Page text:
Back to browse results
Methods for analysis of complex survey data: an application using the Tanzanian 2015 Demographic and Health Survey and Service Provision Assessment
Authors: Sheffel A, Wilson E, Munos M, and Zeger S
Source: Journal of Global Health, 9(2): 020902; DOI: 10.7189/jogh.09.020902
Topic(s): Data models
Data use
Country: Africa
Published: DEC 2019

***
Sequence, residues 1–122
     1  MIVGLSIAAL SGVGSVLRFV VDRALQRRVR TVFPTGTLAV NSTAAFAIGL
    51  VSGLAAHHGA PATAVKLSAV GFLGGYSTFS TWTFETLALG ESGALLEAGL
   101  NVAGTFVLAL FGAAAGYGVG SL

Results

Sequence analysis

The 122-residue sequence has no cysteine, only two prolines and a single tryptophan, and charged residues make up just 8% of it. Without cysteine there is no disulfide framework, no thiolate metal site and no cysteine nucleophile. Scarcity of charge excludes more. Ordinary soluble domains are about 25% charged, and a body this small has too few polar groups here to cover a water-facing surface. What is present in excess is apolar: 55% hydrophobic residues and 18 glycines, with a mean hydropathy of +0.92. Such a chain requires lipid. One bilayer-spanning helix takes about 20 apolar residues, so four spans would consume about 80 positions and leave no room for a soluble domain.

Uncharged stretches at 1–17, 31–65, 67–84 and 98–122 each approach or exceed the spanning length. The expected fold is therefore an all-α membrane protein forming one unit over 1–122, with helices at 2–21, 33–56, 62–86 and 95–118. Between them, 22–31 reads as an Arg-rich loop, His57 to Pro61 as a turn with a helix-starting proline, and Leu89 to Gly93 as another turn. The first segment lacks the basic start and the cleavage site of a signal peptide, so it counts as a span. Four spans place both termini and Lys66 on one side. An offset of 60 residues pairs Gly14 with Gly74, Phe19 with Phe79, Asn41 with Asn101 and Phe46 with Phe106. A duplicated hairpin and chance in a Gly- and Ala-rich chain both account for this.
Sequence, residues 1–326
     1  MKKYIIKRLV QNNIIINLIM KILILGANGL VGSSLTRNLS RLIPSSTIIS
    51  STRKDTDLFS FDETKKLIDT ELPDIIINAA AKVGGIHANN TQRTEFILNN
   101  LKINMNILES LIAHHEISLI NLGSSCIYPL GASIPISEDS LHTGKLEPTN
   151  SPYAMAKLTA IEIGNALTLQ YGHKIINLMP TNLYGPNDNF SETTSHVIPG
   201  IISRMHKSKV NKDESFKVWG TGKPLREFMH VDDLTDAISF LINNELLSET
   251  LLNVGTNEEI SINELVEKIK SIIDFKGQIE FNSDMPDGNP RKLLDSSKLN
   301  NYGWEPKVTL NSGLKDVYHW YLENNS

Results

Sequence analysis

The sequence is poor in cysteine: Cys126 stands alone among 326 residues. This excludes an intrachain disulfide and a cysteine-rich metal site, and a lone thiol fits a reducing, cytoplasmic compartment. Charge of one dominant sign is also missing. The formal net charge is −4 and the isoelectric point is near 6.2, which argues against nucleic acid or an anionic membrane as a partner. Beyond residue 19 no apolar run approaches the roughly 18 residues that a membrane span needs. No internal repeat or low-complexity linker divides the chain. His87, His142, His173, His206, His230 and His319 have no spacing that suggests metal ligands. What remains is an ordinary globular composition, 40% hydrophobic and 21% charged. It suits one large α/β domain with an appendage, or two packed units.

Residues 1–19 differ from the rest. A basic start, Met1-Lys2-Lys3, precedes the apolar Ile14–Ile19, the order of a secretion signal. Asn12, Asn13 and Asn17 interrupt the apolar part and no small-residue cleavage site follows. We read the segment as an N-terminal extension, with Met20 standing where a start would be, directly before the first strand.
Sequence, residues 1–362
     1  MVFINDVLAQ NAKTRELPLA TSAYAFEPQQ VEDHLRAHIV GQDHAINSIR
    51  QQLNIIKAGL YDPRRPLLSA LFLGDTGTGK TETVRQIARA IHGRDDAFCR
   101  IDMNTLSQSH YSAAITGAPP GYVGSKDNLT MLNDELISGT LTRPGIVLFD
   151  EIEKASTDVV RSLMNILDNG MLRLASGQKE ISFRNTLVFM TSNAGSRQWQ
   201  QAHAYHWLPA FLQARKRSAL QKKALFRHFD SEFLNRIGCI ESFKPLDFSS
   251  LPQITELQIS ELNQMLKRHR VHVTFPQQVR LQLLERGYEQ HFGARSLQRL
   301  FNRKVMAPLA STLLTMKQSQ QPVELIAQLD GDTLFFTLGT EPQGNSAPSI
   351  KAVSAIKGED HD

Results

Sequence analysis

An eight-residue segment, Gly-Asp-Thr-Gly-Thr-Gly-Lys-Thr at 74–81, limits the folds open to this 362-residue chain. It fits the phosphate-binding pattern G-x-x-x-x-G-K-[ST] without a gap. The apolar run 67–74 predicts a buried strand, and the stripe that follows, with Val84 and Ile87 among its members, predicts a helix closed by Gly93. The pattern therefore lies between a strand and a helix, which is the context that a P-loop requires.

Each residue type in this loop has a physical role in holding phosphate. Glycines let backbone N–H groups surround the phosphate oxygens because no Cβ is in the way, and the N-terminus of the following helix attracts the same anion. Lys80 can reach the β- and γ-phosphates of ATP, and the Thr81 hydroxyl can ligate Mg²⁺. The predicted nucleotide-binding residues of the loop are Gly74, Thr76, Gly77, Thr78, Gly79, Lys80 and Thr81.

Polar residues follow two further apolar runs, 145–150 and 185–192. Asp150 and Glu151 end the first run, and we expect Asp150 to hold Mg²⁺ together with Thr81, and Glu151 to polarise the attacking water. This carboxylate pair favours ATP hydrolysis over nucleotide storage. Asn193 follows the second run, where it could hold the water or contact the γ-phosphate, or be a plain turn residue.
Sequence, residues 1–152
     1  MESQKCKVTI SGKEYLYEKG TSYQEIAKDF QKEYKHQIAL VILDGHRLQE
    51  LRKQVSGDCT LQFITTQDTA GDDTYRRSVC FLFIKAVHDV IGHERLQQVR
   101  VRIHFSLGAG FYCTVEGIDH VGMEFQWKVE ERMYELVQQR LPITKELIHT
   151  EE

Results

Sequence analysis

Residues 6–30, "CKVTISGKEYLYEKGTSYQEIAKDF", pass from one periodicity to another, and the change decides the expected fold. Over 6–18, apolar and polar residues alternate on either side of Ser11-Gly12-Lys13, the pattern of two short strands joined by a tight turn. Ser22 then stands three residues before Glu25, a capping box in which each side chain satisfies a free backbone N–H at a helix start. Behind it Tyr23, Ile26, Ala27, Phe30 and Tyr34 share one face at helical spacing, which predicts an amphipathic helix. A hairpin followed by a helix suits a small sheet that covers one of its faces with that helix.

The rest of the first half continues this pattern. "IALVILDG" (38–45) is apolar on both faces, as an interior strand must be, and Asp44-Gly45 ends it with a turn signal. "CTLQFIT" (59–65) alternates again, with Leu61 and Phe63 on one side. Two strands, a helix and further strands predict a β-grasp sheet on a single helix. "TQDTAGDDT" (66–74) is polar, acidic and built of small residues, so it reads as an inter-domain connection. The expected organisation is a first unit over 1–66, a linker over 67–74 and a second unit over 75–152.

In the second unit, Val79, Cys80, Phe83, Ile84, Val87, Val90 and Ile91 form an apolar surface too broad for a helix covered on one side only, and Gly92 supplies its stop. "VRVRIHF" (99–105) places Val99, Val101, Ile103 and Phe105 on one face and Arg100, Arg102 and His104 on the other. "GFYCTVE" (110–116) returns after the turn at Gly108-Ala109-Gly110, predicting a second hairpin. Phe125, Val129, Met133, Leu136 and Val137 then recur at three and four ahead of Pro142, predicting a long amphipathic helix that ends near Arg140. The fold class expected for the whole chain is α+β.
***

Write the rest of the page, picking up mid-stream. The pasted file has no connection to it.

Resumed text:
Abstract: Background: Low-income and middle-income countries (LMICs) seek to better utilize household and health facility survey data for monitoring and evaluation, as well as for health program planning. However, analysis of this complex survey data are complicated. In Tanzania, the National Evaluation Platform project sought to analyze Demographic and Health Survey (DHS) data and Service Provision Assessment (SPA) data as part of an evaluation of the national One Plan for Maternal and Child Health. To support this evaluation, we used this survey data to answer two key methodological questions: 1) what are the benefits and costs of using sampling weights in rate estimation; and 2) what is the best method for calculating standard errors in these two surveys? Methods: We conducted a simulation study for each methodologic question. The first simulation study assessed the benefits and costs of using sampling weights in rate estimation. This simulation used weighted and unweighted estimates and examined bias, variance, and the mean squared error (MSE). The second simulation study assessed the best method for calculating standard errors comparing cluster bootstrapped variance estimation, design based asymptotic variance with one level (svy1), and design based asymptotic variance with three levels (svy3). We compared coverage probability and confidence interval length. Results: Our results showed that although weighted estimates were less biased, unweighted estimates were less variable. The weighted estimates had a lower MSE, indicating that the effect of the bias trade-off was greater than the effect of the variance trade-off for most indicators assessed. The best performer for variance estimation was the cluster bootstrap method, followed by the svy3 method. The svy1 method was the worst performer for most indicators assessed. Conclusions: As complex survey data become more widely used for policymaking in LMICs, there is a need for guidance on the best methods for analyzing this data. The standard of practice has been a design-based analysis using survey weights and the single-level svy method for calculating standard errors. This study puts forth an alternative approach to analysis. In addition, this study offers practical guidance on determining the best method for analysis of complex survey data.